The Fannie Bolton Story


W. C. White to A. G. Daniells, February 24, 1896

The matter of employing Sr. Bolton on the Echo lists and correspondence is a new thought to me. There is one part of the work that she seems admirably fitted to do, and there are other parts about which she will need help from others. If she is closely associated with someone of a business turn of mind like Sr. Graham or Sr. Ingels so that they can help her about the financial and business part of the work, it may be that her enthusiasm and her freedom in correspondence will result in stirring up our people to do more for the Echo. With proper counsel and guidance, she could at the same time do a little work that would help the editor by working up interesting notes from matters contained in the correspondence. Of course it would be best for her, as for all others, to do work in the name of the society, and thus avoid making the individual more prominent in the minds of the people than the society employing the individual. FBS 63.2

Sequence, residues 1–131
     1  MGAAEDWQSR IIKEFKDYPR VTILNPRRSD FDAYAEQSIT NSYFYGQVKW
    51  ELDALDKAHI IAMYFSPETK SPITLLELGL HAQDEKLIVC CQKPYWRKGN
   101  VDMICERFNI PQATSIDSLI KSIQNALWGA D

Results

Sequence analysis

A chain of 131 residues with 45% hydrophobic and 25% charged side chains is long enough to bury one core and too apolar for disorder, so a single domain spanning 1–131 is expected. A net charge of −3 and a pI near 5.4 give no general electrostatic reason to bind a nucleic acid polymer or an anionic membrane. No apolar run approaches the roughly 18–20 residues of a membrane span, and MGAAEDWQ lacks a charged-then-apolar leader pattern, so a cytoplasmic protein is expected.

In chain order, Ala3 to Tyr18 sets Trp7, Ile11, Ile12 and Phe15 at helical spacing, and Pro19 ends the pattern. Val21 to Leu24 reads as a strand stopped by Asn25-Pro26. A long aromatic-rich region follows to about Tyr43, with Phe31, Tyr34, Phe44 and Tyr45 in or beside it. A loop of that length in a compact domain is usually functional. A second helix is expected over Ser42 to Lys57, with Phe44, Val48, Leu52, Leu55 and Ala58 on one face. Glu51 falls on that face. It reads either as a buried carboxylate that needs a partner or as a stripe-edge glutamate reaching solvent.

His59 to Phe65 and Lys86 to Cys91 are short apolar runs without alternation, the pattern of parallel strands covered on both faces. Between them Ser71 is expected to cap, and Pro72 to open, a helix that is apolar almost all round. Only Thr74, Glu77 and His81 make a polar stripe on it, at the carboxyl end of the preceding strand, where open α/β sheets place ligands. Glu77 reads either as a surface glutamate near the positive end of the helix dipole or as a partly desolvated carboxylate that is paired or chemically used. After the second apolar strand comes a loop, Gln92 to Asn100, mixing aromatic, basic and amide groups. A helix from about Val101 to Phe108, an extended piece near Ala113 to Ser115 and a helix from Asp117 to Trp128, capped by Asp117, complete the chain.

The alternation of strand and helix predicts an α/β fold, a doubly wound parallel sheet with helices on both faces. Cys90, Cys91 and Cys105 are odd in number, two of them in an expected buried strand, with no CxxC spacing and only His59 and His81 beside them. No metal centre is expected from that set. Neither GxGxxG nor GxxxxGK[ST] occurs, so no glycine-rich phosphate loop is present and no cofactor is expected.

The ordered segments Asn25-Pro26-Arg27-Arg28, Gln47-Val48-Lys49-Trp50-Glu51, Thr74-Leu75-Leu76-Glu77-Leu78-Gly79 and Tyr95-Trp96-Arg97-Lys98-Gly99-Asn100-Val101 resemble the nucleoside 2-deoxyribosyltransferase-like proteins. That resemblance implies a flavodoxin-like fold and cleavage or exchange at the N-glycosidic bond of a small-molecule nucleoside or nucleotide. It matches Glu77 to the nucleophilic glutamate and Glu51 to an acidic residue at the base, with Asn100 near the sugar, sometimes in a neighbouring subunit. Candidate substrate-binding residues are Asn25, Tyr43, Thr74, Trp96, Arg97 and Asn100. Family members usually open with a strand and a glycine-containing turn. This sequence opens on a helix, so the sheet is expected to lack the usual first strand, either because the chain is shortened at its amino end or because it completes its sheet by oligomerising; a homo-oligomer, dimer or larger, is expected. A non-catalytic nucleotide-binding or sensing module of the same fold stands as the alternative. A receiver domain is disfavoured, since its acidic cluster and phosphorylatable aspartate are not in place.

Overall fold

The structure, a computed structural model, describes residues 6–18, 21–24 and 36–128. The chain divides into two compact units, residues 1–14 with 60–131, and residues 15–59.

One thing largely in favor of giving her a trial on this work is the fact that it could be done without large expense or without the sacrifice of any other plans. She is now ready to go to America by way of England, but does not feel anxious about hurrying off. Therefore, the expense involved would be only her wages, and the risks and responsibilities and sacrifice of other plans are next to nothing. I have not the highest hopes regarding her success, but in our present distress for help, she is far the best one I can think of. Mother does not wish to say anything about this, either good or bad. Prescott and Rousseau unite with me in favoring a trial. FBS 63.3